Leafs limp home after two muggings
The Toronto Maple Leafs had designs on a long playoff run when they boarded Wednesday’s flight to Boston, confident of their chances ahead of a firstround National Hockey League series with the Bruins after a record-breaking regular season.
Now they’re simply looking for a way — any way, really — to slow down a juggernaut that’s bashed them around in two crushing defeats to open their best-ofseven Eastern Conference quarter-final.
Losses of 5-1 and 7-3 at Boston’s Toronto-Dominion Garden have the Leafs in an 0-2 hole as they prepare to host what amounts to a must-win Game 3 at Air Canada Centre on Monday.
Toronto isn’t done yet, but a lot has to change in 48 hours following an embarrassing beat down in Beantown.
“We were outplayed for two games,” Leafs defenceman Ron Hainsey said after Saturday’s blowout. “If you add it up, it’s 12-4 over six periods. We deserve every bit of criticism far and wide. Good news is, story’s not totally written yet.
“We can try and change the story.”
A place to start would be getting in the way of Boston’s top line of David Pastrnak, Brad Marchand and Patrice Bergeron, which has combined for a stunning 20 points in 120 minutes of action.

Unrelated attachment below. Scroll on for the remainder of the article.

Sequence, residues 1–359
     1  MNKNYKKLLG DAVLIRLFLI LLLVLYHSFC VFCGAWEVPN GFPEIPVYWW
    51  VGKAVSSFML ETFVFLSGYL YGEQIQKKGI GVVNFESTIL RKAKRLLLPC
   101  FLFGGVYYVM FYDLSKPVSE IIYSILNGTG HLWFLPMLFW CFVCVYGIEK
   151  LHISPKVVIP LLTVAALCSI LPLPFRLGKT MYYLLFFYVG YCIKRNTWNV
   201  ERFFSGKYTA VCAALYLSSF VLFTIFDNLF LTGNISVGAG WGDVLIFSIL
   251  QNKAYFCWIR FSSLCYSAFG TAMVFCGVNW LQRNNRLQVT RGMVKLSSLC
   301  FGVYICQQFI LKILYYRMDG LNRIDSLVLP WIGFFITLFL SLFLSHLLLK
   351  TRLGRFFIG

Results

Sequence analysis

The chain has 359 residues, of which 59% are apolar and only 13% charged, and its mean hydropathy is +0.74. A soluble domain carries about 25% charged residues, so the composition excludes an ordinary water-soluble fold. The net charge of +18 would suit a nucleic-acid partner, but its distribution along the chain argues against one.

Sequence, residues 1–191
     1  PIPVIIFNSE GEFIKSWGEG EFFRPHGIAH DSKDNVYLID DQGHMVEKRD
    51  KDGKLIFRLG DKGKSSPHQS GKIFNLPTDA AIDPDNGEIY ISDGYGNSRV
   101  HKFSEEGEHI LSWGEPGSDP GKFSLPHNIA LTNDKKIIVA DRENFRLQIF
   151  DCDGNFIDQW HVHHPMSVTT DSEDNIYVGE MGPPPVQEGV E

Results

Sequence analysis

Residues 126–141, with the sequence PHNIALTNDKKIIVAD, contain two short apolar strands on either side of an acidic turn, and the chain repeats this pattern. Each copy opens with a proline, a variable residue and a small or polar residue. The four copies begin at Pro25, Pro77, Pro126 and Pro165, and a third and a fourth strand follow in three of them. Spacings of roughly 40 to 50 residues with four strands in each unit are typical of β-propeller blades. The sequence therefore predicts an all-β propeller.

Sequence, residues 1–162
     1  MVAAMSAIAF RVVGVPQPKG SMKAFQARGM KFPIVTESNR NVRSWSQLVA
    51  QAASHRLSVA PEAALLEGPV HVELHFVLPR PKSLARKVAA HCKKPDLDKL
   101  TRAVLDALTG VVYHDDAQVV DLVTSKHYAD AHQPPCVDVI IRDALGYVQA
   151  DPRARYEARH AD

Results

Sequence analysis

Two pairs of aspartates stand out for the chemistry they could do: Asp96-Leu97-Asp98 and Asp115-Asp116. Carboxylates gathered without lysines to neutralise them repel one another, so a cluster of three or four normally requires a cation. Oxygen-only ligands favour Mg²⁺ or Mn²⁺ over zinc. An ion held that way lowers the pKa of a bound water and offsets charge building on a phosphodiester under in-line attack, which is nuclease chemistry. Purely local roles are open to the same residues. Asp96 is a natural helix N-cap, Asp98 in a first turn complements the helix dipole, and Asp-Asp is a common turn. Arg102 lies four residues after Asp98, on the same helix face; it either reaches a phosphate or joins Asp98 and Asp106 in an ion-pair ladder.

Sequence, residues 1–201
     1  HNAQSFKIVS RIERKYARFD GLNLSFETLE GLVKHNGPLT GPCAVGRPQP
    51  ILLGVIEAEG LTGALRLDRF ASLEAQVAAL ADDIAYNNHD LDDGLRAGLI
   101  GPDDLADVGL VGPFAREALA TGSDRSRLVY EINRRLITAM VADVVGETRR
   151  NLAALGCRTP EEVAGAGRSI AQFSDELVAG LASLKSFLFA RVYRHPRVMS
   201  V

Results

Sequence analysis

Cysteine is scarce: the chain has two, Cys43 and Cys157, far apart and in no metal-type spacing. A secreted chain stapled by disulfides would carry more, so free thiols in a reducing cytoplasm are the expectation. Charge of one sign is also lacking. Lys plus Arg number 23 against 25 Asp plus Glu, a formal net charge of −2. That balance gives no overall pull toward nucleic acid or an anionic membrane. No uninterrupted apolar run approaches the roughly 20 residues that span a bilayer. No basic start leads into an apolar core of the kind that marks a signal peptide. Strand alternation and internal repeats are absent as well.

Heading into Sunday, Pastrnak led the playoffs in scoring with nine points, including three goals and three assists in Game 2, followed by Marchand’s six points and Bergeron’s five.
The trio has dominated at both ends of the ice with speed, skill and relentless puck pursuit.
In addition to stellar play in the offensive zone they’ve also shut down the Leafs’ No. 1 line led by Auston Matthews, which has been held off the scoresheet.
Toronto will likely try to get Matthews away from Boston’s top unit.
Hats litter the ice after David Pastrnak’s third goal Saturday. The Bruins sniper added three assists in a 7-3 whipping of the Leafs in Boston.